Alcohol Poisoning and Drug Overdosing
What You Need to Know
Alcohol poisoning is a serious — and sometimes deadly — consequence of drinking large amounts of alcohol in a short period of time. Drinking too much too quickly can affect your breathing, heart rate, body temperature and gag reflex and potentially lead to a coma and death. A drug overdose occurs when a person takes more than the recommended amount of a drug.
- The person is unconscious or semi-conscious and cannot be awakened.
- The person's skin is cold or clammy and has pale or bluish color.
- Slow breathing - less than eight breaths per minute or lapses between breaths of more than eight seconds.
- Vomiting while passed out. If they are just sleeping, vomiting will certainly wake them up. If not, this is a medical emergency.
If a person has ANY of these symptoms, call 911 right away.
- Call 911 first, before making any calls or doing anything else. This is a medical emergency and that person needs help right away. Time is critical in these situations!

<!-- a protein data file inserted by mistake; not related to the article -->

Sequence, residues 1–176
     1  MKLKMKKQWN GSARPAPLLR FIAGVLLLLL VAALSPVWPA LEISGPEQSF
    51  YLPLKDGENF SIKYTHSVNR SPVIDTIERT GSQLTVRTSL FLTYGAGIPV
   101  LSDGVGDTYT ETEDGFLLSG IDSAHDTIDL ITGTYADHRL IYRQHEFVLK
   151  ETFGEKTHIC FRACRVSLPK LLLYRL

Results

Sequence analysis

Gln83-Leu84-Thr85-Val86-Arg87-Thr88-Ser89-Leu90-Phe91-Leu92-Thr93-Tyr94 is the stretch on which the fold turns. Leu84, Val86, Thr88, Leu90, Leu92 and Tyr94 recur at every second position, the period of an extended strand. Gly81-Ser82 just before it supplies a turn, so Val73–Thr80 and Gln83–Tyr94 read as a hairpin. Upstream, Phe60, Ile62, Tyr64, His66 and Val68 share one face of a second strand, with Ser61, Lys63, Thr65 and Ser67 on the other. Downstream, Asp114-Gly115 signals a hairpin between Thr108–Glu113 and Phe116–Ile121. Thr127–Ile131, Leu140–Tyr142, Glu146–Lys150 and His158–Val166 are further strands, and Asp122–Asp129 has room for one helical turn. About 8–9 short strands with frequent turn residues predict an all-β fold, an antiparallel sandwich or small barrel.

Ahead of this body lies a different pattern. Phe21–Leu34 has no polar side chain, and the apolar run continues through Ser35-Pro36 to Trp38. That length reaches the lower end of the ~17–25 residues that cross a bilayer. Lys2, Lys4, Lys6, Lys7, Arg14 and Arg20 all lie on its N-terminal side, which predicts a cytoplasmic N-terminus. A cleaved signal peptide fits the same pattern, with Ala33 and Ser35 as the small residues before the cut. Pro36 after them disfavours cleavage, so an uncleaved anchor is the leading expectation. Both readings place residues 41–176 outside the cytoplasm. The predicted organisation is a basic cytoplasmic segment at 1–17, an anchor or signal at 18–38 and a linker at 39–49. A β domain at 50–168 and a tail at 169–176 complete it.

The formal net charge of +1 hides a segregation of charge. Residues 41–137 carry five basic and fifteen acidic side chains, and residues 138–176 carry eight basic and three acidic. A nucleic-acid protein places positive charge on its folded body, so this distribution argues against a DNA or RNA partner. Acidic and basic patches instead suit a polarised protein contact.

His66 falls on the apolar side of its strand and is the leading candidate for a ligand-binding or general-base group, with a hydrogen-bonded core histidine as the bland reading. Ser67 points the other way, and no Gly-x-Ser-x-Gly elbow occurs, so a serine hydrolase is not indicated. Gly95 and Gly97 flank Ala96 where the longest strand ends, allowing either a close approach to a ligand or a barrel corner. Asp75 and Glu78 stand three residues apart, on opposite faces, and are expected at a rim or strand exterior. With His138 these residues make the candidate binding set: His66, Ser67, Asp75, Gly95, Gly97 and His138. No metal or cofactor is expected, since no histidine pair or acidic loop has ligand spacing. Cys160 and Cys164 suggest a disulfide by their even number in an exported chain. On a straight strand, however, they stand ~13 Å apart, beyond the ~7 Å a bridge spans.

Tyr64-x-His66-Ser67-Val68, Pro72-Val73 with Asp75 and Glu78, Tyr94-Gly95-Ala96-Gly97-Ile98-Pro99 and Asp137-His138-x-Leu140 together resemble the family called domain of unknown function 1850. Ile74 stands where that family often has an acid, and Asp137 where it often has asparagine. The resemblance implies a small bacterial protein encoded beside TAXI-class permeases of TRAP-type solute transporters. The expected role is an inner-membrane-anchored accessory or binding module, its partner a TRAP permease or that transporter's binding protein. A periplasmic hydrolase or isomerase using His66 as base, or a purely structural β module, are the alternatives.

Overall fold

- Once you have called for help, turn the person on their side to prevent choking in case of vomiting if possible.
- Avoid leaving the person alone.
- Do not try to give your friend food or water. You may be trying to help, but if the person is unconscious or vomiting this could lead to a blocked airway.
It is important that you get help if you believe alcohol poisoning or a drug overdose has occured. Many students are fearful that they may get in trouble if they reach out for help in these situations. We want you to know that your health and safety matters, and you should refer to the Amenesty Policy in the Student Code of Conduct to see how the university will grant amenesty.
If you or someone you spend time with uses opioids, consider picking up a free Naloxone kit on campus.The Ohio State University Wexner Medical center has partnered with Project DAWN (Deaths Avoid With Naloxone) to provide training and free naloxone kits at our hospital pharmacy locations. Naloxone (also known as Narcan®) is a medication that can reverse an overdose caused by an opioid drug (heroin, fentanyl, or prescription pain medications). A prescription is not necessary to receive training or to pick up the medication.
Using Naloxone will not harm an individual if it is administered and they are not experiencing an overdose caused by an opioid drug. Remeber to call 911 before administering Naloxone.